Feature

Iris van der Zee: Violence is an Art Form

By Brad Feuerhelm on November 25, 2016

“When is an artwork finished? Are the World Trade Centers only finished when the planes sink into their steel bellies? Can we assume Babylon’s work at an end when pneumatic drill erases their façade?”

We spend long hours illustrating our human form. We seek a representation of ideals and we look backwards over the canons of art, of history and of empires. Johan Winckelmann had his ideals. He had a feverish and perhaps impoverished delineation of beauty bound to the orthodoxy of the body made stone. It is also noted that his compunction towards beauty thought highly of the idealized bodies of young boys. One can argue that we should perhaps dismiss the man altogether.

Stone gives birth to form. The sculptor sets amongst quarries like a hunter seeking a surface from which his hands will birth a representation of animate and at times sexualized form. It has been this way for millennia. Carving into stone, rendering its surface from rough-hewn colossal and natural aggregate compound of sand, fossil and compressed tapestry of time into that of human form is a natural act of need. It is relieving to work with a hammer, chisel and stone. It promotes an understanding of material essence in which man (usually engendered as a male practice historically) is able to give birth to humanoid form. The strike of the hammer towards the head of the chisel and the flaking cascade of flint and stone chips becomes the chalice in which cultures will drink in affect and meaning from violent blows.

“Make no mistake- violence is an art form”

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The immoveable panders towards fluidity. Sharp and jagged rock is smoothed and the veins of an arm or a leg come into clarity. The chisel is sheathed in a leather case, dusty with white talcum colored powder and the tools are packed as the sculptor stands back to marvel this David, this Endymion, this cold mirror of fallacies birthed from large rubble.

Time progresses and the same elements that gave birth to stone begin to weather its surface-pockmarking the perfection of this ritual towards the porosity of the natural tools of divination. Smooth surface erodes into something more akin to the reality of human decay. Yet, the immoveable block of stone stands idle until its myth is set against its surface again with a hammer, a foundling saw-powered by the black blood of the earth itself. It is a chaotic representation of death and the God living between the sheets of uncertainty and pulchritude. ISIS and Laszlo Toth. Monuments are in decline for their now dis-avowed meanings and their allegories of metronome and pulse of enfeebled representations. Thousands of years rent and spent in minutes and all captured on the new format of representation-youtube clips and Al-Jazeera reports.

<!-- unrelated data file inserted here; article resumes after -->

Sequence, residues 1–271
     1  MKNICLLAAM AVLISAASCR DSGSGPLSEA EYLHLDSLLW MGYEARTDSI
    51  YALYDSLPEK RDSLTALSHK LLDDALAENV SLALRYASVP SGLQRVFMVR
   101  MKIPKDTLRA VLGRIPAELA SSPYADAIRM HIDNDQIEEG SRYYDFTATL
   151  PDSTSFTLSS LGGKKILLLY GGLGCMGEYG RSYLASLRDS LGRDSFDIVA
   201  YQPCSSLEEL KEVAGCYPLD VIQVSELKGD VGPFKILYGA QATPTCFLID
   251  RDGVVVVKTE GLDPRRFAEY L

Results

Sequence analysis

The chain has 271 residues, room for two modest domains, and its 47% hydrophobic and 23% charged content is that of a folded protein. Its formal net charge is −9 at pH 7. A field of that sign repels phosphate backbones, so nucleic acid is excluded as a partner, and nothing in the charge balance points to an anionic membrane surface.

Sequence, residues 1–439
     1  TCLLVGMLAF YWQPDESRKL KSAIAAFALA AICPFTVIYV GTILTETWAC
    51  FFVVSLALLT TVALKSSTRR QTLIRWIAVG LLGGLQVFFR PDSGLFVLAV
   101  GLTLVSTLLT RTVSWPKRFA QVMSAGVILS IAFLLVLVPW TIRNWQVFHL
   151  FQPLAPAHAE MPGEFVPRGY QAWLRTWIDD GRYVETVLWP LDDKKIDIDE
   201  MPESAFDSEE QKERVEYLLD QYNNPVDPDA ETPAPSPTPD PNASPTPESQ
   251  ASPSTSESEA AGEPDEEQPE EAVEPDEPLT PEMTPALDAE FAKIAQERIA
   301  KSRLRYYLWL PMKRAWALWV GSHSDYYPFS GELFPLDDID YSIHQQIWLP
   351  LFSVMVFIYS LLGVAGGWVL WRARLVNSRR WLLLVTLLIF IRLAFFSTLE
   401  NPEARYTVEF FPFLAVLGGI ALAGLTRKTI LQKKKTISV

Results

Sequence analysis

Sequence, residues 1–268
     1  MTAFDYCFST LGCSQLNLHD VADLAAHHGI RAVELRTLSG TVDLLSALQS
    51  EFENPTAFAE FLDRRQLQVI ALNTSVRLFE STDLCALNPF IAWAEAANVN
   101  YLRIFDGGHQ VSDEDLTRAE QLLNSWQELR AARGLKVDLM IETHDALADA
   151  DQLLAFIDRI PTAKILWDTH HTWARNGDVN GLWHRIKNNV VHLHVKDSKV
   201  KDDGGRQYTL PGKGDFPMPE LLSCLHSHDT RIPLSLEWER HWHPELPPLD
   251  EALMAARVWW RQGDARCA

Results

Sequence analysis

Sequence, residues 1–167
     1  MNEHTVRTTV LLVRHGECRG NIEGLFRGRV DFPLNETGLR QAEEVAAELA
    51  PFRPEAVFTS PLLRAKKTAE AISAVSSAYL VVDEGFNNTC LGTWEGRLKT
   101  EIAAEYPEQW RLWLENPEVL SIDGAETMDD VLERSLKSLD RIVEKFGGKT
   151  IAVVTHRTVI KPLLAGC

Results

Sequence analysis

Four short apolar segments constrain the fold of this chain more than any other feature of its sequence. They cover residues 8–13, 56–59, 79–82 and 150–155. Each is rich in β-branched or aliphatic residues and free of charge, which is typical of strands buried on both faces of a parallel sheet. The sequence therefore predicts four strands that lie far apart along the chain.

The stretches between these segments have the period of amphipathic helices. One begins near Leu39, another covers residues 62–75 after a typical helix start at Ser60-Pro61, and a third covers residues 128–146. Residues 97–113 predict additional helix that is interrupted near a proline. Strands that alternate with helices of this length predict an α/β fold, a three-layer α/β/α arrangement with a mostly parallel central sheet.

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Make no mistake- violence is an art form. Where I stand confused by performance art due to the theatrical value system and the actors within the tragedy, I do not hesitate for one moment when the birth of tragedies of these representations are crushed under the heel of a wavering and disobedient clash of ideologies. Iconoclasm is a violence that is necessary to check the inevitable. Paul Virilio, having spoken or written at large about terrorism and art had once made the reference to Karlheinz Stockhausen’s perfect allusion that 9/11 was the perfect art piece. It enabled culture, it enabled, awe, fear and spoke graphically of how we should treat our icons when the representation of these icons turns against the masses. At least, that’s how I like to read this bit of Virilio.

“Paul Virilio, having spoken or written at large about terrorism and art had once made the reference to Karlheinz Stockhausen’s perfect allusion that 9/11 was the perfect art piece”

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Iris van der Zee’s “Statue” is a small limited edition artist book that combines the historical illustrations of statues-many Greek in nature and subverts their possibility towards the infinite with a conflation of war torn images of the body. She has also sourced the inevitable images of iconoclasm by ISIS at Mosul and has pitched the fevered acts of violence as a question in which our cultural conditioning of history and art is challenged.

When is an artwork finished? Are the World Trade Centers only finished when the planes sink into their steel bellies? Can we assume Babylon’s work at an end when pneumatic drill erases their façade? These are interesting proposals if one can distance themselves from the blunt force traumas they represent in current political scenarios. Much crying, much anxiety and much loss pervade the minds in the West as we watch events unfold in the Middle East. I think of children in Syria lying underneath rubble, tiny rivulets of blood caking the sides of their mouths. I think of them as sorrowful sculptures. I see their relief coming to form under the debris, though I know this is an additive methododology of impractical sculpture. And yet, I ask myself why we are fixated less on those cooling sculptures than we are of its representations from 2000 years previous.

When the museum is smashed to bits, true lament forms. When thousands are killed in bombing raids in a proxy war with Russia over missile defense shields and the aforementioned black blood of the earth, why do we not gasp the same? This is a very powerful book if one decides to open it and sit with the uncomfortable allegories within. HIGHLY RECOMMENDED.

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Iris van der Zee

Self-Published

(All Rights Reserved. Text @ Brad Feuerhelm. Images @ Iris van der Zee.)

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